Anyon, Y., Bender, K., Kennedy, H. & Dechants, J. A systematic review of youth participatory action research (YPAR) in the United States: methodologies, youth outcomes, and future directions. Health Educ. Behav. 45 , 865–878 (2018).

de-Graft Aikins, A. et al. Building cardiovascular disease competence in an urban poor Ghanaian community: a social psychology of participation approach. J. Community Appl. Soc. Psychol. 30 , 419–440 (2020).

Feldman, S. & Shaw, L. The epistemological and ethical challenges of archiving and sharing qualitative data. Am. Behav. Sci. 63 , 699–721 (2019).

Cornish, F. Communicative generalisation: dialogical means of advancing knowledge through a case study of an ‘unprecedented’ disaster. Cult. Psychol. 26 , 78–95 (2020).

Anderson, G. Participatory action research (PAR) as democratic disruption: new public management and educational research in schools and universities. Int. J. Qual. Stud. Educ. 30 , 432–449 (2017).

Auerbach, J. et al. Displacement of the Scholar? Participatory action research under COVID-19. Front. Sustain. Food Syst. 6 , 762065 (2022).

Levac, L., Ronis, S., Cowper-Smith, Y. & Vaccarino, O. A scoping review: the utility of participatory research approaches in psychology. J. Community Psychol. 47 , 1865–1892 (2019).

Breton, N. N. Reflecting on our good intentions: a critical discourse analysis of women’s health and empowerment discourses in sexual and gender-based violence policies relevant to southern Africa. Glob. Public Health (2022).

de-Graft Aikins, A. Healer shopping in Africa: new evidence from rural-urban qualitative study of Ghanaian diabetes experiences. BMJ 331 , 737 (2005).

Sense, A. J. Driving the bus from the rear passenger seat: control dilemmas of participative action research. Int. J. Soc. Res. Methodol. 9 , 1–13 (2006).

Dawson, M. C. & Sinwell, L. Ethical and political challenges of participatory action research in the academy: reflections on social movements and knowledge production in South Africa. Soc. Mov. Stud. 11 , 177–191 (2012).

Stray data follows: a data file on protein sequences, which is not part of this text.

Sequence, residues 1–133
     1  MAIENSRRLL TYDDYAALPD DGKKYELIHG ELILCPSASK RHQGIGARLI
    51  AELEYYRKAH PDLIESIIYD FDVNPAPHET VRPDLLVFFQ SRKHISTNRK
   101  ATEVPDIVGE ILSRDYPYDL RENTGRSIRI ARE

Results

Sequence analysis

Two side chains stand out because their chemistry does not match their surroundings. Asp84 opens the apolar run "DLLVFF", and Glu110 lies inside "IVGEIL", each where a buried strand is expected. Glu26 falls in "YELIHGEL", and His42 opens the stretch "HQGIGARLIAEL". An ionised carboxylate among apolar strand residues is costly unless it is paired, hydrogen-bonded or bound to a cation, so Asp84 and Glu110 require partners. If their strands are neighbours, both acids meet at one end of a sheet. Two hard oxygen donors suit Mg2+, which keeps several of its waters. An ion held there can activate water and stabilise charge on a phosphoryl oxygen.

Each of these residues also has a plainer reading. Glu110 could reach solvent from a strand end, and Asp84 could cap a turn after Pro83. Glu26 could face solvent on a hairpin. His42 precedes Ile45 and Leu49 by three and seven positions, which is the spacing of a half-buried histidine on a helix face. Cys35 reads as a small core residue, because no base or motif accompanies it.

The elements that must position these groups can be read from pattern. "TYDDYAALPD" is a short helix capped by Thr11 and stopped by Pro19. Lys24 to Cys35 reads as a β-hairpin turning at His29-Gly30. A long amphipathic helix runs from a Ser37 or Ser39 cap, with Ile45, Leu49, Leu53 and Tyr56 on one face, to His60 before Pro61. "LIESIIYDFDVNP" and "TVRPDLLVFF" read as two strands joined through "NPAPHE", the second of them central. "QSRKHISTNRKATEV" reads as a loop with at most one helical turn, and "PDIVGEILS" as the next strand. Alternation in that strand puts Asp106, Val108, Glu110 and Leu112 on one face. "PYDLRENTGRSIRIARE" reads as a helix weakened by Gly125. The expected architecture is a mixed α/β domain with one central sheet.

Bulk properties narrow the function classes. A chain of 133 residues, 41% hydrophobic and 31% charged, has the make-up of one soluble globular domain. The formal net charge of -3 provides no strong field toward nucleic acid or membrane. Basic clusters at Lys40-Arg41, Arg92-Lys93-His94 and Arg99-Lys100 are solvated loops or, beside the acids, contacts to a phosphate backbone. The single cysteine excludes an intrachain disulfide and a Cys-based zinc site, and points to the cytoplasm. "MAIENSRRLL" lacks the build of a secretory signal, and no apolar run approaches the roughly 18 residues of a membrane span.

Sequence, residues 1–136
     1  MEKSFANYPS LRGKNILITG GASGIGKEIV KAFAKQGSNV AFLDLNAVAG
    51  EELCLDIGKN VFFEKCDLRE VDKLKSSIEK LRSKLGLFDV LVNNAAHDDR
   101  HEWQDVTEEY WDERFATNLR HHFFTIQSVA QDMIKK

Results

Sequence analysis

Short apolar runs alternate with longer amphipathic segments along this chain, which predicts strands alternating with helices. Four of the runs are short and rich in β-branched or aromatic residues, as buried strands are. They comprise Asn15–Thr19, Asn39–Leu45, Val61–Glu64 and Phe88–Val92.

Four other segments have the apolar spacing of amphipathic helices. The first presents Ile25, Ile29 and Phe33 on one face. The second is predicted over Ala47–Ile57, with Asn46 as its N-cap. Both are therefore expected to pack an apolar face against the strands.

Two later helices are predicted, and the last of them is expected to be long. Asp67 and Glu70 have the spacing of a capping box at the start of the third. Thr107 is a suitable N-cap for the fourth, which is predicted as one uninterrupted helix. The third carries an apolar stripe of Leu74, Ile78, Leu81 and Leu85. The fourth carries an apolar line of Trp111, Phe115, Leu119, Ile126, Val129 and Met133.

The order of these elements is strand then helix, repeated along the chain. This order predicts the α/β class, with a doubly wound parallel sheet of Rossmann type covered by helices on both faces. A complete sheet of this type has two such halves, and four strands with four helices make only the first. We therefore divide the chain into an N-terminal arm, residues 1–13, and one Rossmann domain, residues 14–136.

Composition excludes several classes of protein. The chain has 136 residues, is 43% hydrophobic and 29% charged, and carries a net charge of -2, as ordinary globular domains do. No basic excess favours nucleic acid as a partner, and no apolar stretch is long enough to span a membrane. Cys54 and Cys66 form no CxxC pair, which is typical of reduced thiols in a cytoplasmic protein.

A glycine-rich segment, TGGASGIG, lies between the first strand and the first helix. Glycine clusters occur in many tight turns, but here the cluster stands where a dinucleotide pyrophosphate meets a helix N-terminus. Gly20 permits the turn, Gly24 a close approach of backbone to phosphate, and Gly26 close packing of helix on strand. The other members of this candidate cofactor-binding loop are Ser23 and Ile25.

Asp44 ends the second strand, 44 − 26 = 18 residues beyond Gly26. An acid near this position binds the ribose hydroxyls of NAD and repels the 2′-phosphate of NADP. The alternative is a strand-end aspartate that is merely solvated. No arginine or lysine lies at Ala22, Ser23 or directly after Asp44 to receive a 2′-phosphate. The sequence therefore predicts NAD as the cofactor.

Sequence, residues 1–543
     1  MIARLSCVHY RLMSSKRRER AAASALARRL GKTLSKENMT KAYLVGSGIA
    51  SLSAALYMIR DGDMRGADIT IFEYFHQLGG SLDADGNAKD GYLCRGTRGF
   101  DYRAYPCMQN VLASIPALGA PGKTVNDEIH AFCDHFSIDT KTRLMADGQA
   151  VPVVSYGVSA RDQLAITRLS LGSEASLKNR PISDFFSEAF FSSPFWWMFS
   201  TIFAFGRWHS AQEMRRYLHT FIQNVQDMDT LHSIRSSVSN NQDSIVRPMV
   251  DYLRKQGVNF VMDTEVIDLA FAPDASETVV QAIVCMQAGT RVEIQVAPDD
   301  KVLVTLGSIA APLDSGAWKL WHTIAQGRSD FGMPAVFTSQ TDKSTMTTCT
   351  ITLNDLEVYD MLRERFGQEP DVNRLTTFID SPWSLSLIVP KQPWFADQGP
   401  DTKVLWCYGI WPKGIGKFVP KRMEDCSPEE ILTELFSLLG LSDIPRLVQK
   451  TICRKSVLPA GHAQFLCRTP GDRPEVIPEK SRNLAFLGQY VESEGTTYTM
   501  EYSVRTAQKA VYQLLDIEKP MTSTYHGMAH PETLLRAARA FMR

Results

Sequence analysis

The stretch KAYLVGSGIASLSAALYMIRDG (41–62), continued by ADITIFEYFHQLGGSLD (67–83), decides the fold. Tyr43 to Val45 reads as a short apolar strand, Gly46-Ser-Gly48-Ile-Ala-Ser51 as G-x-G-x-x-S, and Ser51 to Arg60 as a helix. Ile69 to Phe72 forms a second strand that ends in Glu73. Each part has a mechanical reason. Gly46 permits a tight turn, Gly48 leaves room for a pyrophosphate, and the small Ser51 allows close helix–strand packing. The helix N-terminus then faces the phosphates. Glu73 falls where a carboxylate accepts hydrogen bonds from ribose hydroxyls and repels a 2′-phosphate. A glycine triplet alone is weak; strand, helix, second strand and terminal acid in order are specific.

Dadich, A., Moore, L. & Eapen, V. What does it mean to conduct participatory research with Indigenous peoples? A lexical review. BMC Public Health 19 , 1388 (2019).

Bhambra, G. K., Gebrial, D. & Nisancioglu, K. in Decolonising the University (eds Bhambra, G. K., Gebrial, D. & Nişancıoğlu, K.) 1–18 (Pluto Press, 2018).

Seckinelgin, H. Teaching social policy as if students matter: decolonizing the curriculum and perpetuating epistemic injustice. Crit. Soc. Policy (2022).

Fine, M. Just methods in revolting times. Qual. Res. Psychol. 13 , 347–365 (2016).

Fine, M. Just Research in Contentious Times: Widening the Methodological Imagination (Teachers College Press, Columbia University, 2018). An inspiring PAR book, addressing complex challenges and transformational potentials of PAR, based on the author’s wide-ranging, deep and long-standing experience with PAR in the USA.

Hirsch, L. A. Is it possible to decolonise global health institutions? Lancet 397 , 189–190 (2021).

Chigumadzi, P. Sankofa and the afterlives of Makerere. Los Angeles Review of Books (2021).

Gumbonzvanda, N., Gumbonzvanda, F. & Burgess, R. Decolonising the ‘safe space’ as an African innovation: the Nhanga as quiet activism to improve women’s health and wellbeing. Crit. Public Health 31 , 169–181 (2021).

Tembo, D. et al. Effective engagement and involvement with community stakeholders in the co-production of global health research. BMJ 372 , n178 (2021).

Perz, S. G. et al. Participatory action research for conservation and development: experiences from the Amazon. Sustainability 14 , 233 (2022).

Abimbola, S. et al. Addressing power asymmetries in global health: imperatives in the wake of the COVID-19 pandemic. PLoS Med. 18 , e1003604 (2021).

O’Leary, Z. The Essential Guide to Doing Research (Sage, 2004).

Koshy, E., Koshy, V. & Waterman, H. Action Research in Healthcare (Sage, 2011).

Download references


The authors thank their PAR collaborators and teachers, who have shown us how to take care of each other, our communities and environments. They thank each other for generating such a productive critical thinking space and extending care during challenging times.

Author information

Authors and affiliations.

Department of Methodology, London School of Economics & Political Science, London, UK

Flora Cornish & Nancy Breton

Departmento de Gestion para el Desarrollo Sustentable, CONACyT–Universidad Autonoma de Guerrero, Acapulco, Guerrero, Mexico

Ulises Moreno-Tabarez

Department of Communication Studies, California State University, Northridge, CA, USA

Jenna Delgado

Māori Studies, University of Auckland, Auckland, Aotearoa, New Zealand

Institute of Advanced Studies, University College London, London, UK

Ama de-Graft Aikins

School of Psychology, Massey University, Albany, Aotearoa, New Zealand

Darrin Hodgetts

You can also search for this author in PubMed   Google Scholar